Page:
- “Fascinatin’ Rhythm”, from ‘Lady Be Good’: Eleanor Powell continues to astound with her tap dancing and acrobatic abilities. In this number she was flipped around over and over again and she didn’t appear dizzy or winded at the end of it one bit. Wow. What a pro!
- The stowaway sequence from ‘A Night at the Opera’: I’ve only seen ‘Duck Soup’, many years ago, and it failed to pique my interest in The Marx Brothers. But this clip was an enticing mixture of absurdity and intelligent one-liners. My curiosity is officially piqued now.
- The Laurel and Hardy montage: even if it’s slapstick (not exactly my favourite brand of comedy), I kind of enjoyed watching these two act like goofs. Admittedly, it was a very short montage, so it didn’t test my patience one bit.
- The Songwriters’ Revue: There’s an interesting segment that focuses on characters composing songs on the screen. It’s introduced by an actual composer who pokes fun at how easy composing appears to be in the movies, the way it’s portrayed. That was amusing, although the movie bits themselves were corny, ridiculous.
- There’s a montage of various French performers and Paris-set bits which was cool because Gene Kelly visited a few landmarks in his introductions. And France really looked majestic back then, especially comparatively to North America. I understand why it was a draw.
- “I’ll Build a Stairway to Paradise”, from ‘An American in Paris’: It’s just some guy in tails and a top hat singing on this massive stairway. But it looks elegant, it has steps that light up steps, and there a couple dozen beautiful women on the stairs and in the chandeliers. Yum! Sexist fun!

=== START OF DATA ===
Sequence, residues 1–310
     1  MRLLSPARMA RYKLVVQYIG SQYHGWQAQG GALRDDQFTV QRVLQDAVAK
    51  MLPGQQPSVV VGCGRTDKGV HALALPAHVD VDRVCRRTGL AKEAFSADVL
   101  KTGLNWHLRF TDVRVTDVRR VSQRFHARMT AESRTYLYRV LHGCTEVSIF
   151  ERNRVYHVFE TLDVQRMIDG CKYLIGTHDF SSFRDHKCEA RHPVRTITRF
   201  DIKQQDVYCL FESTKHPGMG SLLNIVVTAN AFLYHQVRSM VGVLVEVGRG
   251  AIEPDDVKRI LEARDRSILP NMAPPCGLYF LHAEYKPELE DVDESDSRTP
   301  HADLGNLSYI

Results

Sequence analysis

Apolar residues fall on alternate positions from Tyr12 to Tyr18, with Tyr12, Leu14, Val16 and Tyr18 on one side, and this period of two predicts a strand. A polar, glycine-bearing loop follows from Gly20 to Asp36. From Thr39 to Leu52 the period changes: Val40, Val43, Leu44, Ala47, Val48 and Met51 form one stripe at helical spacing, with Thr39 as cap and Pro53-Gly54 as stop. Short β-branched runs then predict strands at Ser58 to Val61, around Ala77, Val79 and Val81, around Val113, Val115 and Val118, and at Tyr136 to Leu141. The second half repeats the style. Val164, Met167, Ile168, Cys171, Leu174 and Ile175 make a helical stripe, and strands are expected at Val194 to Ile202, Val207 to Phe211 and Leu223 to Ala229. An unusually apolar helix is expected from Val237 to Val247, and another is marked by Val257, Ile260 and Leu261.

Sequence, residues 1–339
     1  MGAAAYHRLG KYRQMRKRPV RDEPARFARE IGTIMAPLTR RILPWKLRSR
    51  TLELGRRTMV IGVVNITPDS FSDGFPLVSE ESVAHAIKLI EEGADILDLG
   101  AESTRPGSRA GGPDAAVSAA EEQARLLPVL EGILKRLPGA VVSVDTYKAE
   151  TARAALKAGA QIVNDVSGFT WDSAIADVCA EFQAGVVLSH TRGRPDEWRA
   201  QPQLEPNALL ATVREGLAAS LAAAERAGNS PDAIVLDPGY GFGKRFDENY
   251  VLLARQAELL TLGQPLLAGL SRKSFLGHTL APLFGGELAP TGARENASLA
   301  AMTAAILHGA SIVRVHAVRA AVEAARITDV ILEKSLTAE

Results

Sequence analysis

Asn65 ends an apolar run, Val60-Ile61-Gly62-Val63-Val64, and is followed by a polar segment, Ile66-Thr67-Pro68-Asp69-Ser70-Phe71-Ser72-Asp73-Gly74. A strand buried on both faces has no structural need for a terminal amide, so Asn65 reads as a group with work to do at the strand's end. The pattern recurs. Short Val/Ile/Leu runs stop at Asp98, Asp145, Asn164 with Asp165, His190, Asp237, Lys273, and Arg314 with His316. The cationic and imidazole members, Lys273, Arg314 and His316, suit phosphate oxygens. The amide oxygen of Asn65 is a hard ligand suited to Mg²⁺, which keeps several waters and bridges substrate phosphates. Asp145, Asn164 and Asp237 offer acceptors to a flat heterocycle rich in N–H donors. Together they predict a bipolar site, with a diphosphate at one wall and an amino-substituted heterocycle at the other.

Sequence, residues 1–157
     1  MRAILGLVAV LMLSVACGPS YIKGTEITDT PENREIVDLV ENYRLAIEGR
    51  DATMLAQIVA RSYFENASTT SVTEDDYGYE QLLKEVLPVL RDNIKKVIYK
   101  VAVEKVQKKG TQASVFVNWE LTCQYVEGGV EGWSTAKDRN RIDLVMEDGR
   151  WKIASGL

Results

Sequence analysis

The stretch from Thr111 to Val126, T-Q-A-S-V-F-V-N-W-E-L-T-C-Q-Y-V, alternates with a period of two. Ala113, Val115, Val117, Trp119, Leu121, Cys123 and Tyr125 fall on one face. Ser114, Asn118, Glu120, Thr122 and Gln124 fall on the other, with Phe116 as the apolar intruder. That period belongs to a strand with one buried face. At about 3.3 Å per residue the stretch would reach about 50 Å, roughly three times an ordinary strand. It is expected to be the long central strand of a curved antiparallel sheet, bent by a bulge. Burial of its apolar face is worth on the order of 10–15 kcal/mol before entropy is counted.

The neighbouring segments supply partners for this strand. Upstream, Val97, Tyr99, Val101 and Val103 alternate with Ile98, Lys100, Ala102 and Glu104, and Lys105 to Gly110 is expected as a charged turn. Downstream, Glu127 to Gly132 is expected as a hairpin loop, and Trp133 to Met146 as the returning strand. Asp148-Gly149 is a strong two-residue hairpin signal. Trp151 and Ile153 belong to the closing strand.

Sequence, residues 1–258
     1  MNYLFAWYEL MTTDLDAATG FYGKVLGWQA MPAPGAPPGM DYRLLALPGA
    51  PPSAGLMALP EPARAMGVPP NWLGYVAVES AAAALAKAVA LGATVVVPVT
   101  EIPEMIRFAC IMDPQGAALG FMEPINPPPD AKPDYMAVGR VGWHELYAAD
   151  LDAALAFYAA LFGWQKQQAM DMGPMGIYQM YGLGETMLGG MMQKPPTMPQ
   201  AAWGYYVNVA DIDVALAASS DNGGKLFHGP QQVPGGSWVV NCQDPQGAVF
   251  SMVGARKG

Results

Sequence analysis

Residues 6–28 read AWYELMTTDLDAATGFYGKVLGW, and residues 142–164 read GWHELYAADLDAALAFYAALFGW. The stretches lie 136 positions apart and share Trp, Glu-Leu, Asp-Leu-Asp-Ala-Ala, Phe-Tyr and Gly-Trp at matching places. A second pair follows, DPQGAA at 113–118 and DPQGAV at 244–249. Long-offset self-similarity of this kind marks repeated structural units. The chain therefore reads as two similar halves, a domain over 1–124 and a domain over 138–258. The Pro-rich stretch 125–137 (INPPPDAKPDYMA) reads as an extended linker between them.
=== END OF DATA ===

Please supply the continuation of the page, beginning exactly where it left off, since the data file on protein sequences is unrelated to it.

- “Now You Has Jazz”, from ‘High Society’: What is there to say about Bing Crosby and Louis Armstrong, other than… Wow, such voices!!! And it was nice to see Bing’s natural, emotive performance, after seeing so many artificial ones.
- “Broadway Melody Ballet”, from ‘Singin’ in the Rain’: The number itself didn’t do much for me, but Cyd Charisse did. Whoah… what legs! And boy she’s got moves. She was devastatingly sexy in this one.
- There’s a Spencer Tracy and Katharine Hepburn montage that was fun to watch. I love Hepburn: she had attitude and was a really strong female personality for the time.
- “I Like Myself”, from ‘It’s Always Fair Weather’: Gene Kelly tap-dances on roller skates. It doesn’t sound like much, but you can’t help but be impressed by his incredible skill. And he really made use of the city street set. Very nice.
- “Cypress Gardens Water Spectacular”, from ‘Easy to Love’: Another INSANE Esther Williams bit: the dozens of water-skiers, the water cannons, the acrobatics, the long shots – it all amounts to epic stuff. Assuming that she did all of her own stunts… Wow, she was something!
There was also some noteworthy stuff that didn’t really do much for me:
- “Good Morning”, from ‘Singin’ in the Rain’: Featuring Debbie Reynolds, Donald O’Connor and Gene Kelly. I hate the number itself, but Reynolds was darned cute.
- There’s a short montage of Frank Sinatra bits, mostly crooning and serenading. It’s alright.
- There was a montage of one-liners at one point, to highlight MGM’s comedy chops. It was okay. I’m not sure which film it was culled from, but The Marx Brothers bit was by far the best of the lot.